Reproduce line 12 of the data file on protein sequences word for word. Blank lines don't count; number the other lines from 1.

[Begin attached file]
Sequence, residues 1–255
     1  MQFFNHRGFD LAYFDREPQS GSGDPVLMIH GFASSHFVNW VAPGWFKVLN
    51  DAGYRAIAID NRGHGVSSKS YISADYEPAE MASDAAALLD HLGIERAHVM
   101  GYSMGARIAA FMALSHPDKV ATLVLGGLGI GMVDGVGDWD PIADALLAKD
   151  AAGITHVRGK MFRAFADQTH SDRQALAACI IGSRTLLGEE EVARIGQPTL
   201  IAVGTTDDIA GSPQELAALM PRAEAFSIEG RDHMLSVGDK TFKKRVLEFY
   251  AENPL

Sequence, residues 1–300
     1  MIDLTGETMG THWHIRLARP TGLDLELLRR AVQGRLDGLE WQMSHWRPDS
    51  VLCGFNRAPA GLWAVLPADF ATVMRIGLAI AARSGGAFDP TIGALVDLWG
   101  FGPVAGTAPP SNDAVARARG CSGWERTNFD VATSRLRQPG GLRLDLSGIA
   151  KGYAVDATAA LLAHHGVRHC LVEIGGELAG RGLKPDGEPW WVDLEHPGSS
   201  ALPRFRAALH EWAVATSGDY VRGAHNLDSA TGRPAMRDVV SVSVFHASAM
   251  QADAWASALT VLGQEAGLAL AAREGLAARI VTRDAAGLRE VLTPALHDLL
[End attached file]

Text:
   151  KGYAVDATAA LLAHHGVRHC LVEIGGELAG RGLKPDGEPW WVDLEHPGSS